A further six chapters draw on the Linear B texts to explore social or cultural phenomena at various scales. Maurizio del Freo re-reads one Knossos text (KN Og 1527) listing small quantities (3 kg, perhaps significantly the unit in which wool is weighed in the Linear B documents) of lead as a possible distribution for the production of lead weights, drawing in as additional evidence a sealing (KN Ws 1703), which, he suggests, might relate to weight(s) of 20 g for weighing wool for textile decoration. Yves Duhoux also re-interprets an existing tablet from Thebes (TH X 105) as containing a distribution of metal vessels to two individuals, one named (or ‘titled’ as?) wa-na-ka-te; this involves the interpretation of the word ko-na as either khonnon or khonnā, based on a Hesychian gloss. Also drawing on Thebes documents, those involving somewhat puzzling references to various types of animals, Irene Serrano Laguna suggests these refer to human actors in animal dress performing in a ritual context. In support of this she cites representational and other evidence from the Minoan-Mycenaean and later Greek worlds, as well as Hittite parallels. Carlos Varias García reviews the ‘dossier’ of documents from Mycenae (included as a short appendix to his paper) that mention the theonyms si-to po-ti-ni-ja or plain po-ti-ni-ja; he concludes that both refer to the same deity, the ‘Mistress of the Grains’. Jörg Weilhartner explores four Mycenaean occupational terms ending in -po-ro, -phoros in relation to the participation in cult processions, based on the suffix’s frequent attestation in the names of later Greek festivals or the designation of participants who hold objects in their hand (supported by a useful table of occurrences). Finally, Julien Zurbach offers a helpful review of the evidence at the important site of Miletos for script use in the Mycenaean period (phases V-VII), illustrating the five surviving marked pots, and also drawing in parallels from Değirmentepe. The material, meagre as it is, does not offer any clear indication of the linguistic situation there, which Zurbach suggests was complex, perhaps not unlike that at Knossos in the early phase of its Mycenaean administration.
The final group comprises three articles. Massimo Perna offers an amusing account of the difficulties encountered by those familiar with editing Aegean scripts, when charged with producing a corpus of the 1,350 known inscriptions in the Cypriot syllabic script: the fact that many inscriptions are on stone, the quality of the stone, ‘restorations’ or ‘improvements’ in legibility in more recent times, coping with objects that do not present a simple, flat surface, false inscriptions and, finally, the sheer size of some examples, making the normal convention for Aegean scripts of 1:1 representation in corpora impossible. Anna Sacconi reviews the evidence that Linear B was written on other media than clay, arguing that the flat-based nodules attested in Neopalatial Crete that sealed small, folded animal-skin documents demonstrate this and may have survived in the Final palatial period in a small number of examples from the ‘Room of the Chariot Tablets’ at Knossos (although some have called into question whether these actually belong to the same type 3). She also argues that the use of a different verb for ‘write’ in first-millennium BC Cyprus (αλείφω or αλίνω, as opposed to γράφω) implies a continuity of practice, in a culture that continued to use a related syllabic writing system, from the Mycenaean period. Finally, you need not take this reviewer’s word for the value of Aura Jorro’s contribution, because Thomas Palaima’s piece in the volume is an appreciation of his scholarly work, which demonstrates, concisely and with affection, exactly how important his work was (and remains) to the field of Mycenaean studies.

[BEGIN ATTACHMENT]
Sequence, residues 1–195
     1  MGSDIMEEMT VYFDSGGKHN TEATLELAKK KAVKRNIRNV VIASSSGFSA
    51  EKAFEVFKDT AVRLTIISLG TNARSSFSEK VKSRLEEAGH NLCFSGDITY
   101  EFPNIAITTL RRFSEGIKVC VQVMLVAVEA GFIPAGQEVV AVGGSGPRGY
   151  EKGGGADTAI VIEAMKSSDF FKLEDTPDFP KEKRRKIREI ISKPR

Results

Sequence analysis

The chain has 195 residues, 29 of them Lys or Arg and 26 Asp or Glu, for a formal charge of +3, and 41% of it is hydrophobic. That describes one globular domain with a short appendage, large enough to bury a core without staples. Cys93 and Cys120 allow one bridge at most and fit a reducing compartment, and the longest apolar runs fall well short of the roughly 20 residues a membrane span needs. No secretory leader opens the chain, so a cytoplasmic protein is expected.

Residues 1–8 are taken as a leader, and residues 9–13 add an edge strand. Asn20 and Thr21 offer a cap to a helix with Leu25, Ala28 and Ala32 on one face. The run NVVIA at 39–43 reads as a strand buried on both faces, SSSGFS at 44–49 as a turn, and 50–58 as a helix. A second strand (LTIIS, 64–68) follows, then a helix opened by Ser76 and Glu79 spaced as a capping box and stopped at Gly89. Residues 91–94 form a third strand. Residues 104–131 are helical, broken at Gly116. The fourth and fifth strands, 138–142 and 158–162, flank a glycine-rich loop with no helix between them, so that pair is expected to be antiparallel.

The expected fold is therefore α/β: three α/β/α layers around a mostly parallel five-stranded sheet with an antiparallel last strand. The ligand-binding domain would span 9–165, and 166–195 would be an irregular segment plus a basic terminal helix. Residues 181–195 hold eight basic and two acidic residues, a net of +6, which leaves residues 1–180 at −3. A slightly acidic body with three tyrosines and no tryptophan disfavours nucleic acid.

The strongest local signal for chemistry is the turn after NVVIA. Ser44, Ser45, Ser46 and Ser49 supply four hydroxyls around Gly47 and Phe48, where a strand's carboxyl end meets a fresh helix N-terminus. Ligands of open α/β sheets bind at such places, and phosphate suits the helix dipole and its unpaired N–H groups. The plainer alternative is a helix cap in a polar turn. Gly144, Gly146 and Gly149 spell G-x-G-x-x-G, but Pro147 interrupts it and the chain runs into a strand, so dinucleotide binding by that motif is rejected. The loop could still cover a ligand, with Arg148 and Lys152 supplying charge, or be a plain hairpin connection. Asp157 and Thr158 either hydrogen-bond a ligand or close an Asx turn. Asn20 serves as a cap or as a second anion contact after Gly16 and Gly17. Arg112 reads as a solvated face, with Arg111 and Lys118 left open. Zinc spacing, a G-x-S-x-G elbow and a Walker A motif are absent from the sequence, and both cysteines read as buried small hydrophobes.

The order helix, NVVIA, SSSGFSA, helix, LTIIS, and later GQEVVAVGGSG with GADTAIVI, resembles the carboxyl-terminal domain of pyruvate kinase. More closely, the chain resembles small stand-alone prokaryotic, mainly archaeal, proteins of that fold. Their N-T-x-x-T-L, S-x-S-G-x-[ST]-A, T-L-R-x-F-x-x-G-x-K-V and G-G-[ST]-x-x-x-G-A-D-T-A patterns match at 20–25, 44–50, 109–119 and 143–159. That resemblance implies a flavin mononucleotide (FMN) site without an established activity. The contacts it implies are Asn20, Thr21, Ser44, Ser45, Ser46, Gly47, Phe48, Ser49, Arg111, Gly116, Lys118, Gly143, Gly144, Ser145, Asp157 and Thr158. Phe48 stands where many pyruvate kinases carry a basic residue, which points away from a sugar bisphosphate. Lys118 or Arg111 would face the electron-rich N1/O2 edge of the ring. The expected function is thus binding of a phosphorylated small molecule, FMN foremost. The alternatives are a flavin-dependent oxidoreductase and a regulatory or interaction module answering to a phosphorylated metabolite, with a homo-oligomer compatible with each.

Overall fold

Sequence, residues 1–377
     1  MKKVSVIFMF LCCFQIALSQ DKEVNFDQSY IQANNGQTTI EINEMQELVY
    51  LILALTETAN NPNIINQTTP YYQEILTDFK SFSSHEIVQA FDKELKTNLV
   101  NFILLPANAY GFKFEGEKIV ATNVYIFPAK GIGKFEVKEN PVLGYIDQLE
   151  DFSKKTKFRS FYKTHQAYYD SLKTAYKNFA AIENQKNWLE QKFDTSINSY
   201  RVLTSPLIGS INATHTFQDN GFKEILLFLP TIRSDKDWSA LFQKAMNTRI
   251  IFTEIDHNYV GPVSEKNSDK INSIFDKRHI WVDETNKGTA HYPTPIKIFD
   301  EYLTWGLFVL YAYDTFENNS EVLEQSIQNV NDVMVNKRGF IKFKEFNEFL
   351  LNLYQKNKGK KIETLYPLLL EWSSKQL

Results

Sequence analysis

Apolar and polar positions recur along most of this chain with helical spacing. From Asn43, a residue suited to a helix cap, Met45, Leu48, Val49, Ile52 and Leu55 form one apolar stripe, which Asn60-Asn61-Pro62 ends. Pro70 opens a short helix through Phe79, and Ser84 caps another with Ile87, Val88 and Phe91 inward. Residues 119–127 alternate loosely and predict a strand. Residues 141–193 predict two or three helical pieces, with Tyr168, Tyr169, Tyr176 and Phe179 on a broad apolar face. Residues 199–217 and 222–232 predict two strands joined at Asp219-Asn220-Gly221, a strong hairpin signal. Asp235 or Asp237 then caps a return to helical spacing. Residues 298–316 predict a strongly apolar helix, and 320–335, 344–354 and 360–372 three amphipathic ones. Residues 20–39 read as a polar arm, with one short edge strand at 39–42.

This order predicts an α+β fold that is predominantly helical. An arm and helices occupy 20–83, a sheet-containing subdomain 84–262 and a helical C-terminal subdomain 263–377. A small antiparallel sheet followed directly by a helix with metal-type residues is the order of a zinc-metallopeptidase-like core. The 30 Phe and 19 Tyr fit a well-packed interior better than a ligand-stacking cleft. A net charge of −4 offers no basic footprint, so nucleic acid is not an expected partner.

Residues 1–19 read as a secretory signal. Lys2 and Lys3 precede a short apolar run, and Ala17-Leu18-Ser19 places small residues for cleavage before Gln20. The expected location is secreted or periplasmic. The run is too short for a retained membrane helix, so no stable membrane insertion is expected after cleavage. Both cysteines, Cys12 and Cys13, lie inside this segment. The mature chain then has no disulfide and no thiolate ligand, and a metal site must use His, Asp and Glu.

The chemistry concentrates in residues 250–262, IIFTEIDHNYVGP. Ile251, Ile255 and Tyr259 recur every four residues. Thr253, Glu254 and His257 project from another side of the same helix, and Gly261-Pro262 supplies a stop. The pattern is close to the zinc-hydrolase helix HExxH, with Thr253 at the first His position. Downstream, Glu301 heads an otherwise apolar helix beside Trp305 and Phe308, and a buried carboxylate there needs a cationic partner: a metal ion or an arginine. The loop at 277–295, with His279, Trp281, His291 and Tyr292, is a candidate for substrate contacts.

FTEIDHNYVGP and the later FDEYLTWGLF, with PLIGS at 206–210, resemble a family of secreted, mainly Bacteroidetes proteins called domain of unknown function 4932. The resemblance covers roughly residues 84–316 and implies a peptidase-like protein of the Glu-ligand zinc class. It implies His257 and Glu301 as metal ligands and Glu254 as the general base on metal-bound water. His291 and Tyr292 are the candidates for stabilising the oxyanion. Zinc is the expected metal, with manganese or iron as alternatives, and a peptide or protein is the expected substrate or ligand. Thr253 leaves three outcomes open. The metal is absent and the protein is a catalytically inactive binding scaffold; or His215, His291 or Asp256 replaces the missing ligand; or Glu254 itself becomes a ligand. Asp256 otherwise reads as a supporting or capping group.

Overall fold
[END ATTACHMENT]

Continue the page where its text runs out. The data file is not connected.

It is only appropriate, given the meticulous scholarly rigour of its dedicatee, that this volume is provided with no less than six indices : Linear B texts, other Aegean inscriptions, other inscriptions (i.e. non-Aegean), Linear B words, Linear B abbreviations and ideograms, and finally alphabetic Greek words. As is, I hope, clear, the articles in this volume are quite specialised (not to mention their multiple languages, a tribute to the editors’ linguistic competence), so the indices should help anyone to navigate to a particular point or discussion. On the whole this is a welcome collection of papers of a generally high standard. Like most contributions in volumes of this type, they tend to focus on relatively restricted points, but in a number of instances, they represent refinements on, or extensions of earlier publications. Ultimately, of course, they all act as footnotes to the magnum opus of the dedicatee himself.4
1. Aura Jorro, Francisco and Francisco R. Adrados, edd. 1985. Diccionario Griego-Español. Diccionario Micénico. Vol. 1 (1985) and 2 (1993). Madrid: Consejo Superior de Investigaciones Científicas. This is in no way to undervalue or ignore the lexicon produced early in the history of the field by the late Anna Morpurgo Davies: Mycenaeae Graecitatis Lexicon, Rome: Edizioni dell’ Ateneo, 1963.
2. Rupert Thompson. 2000. ‘Prepositional Usage in Arcado-Cypriot and Mycenaean: A Bronze Age Isogloss?’, Minos 35: 395-430.
3. Erik Hallager. 2005. ‘The Uniformity in Seal Use and Sealing Practice during the LH/LM III Period’, in A.-L. D’Agata and J.A. Moody, edd., Ariadne’s Threads: Connections between Crete and the Greek Mainland in Late Minoan III (LM IIIA2 to LM IIIC). Proceedings of the International Workshop held at Athens, Scuola Archeologica Italiana, 5-6 April 2003, 252-53.
4. An Addenda volume is promised (p. ix), by the dedicatee in collaboration with Bernabé, Luján and Varias, while extensive indices both of Linear B words (direct and inverse) and of logograms, adjuncts, abbreviations and marks used in the texts are already available on-line, although the url given in the book (p. ix) appears to be incorrect; the correct one (last accessed 19/03/2015) is here.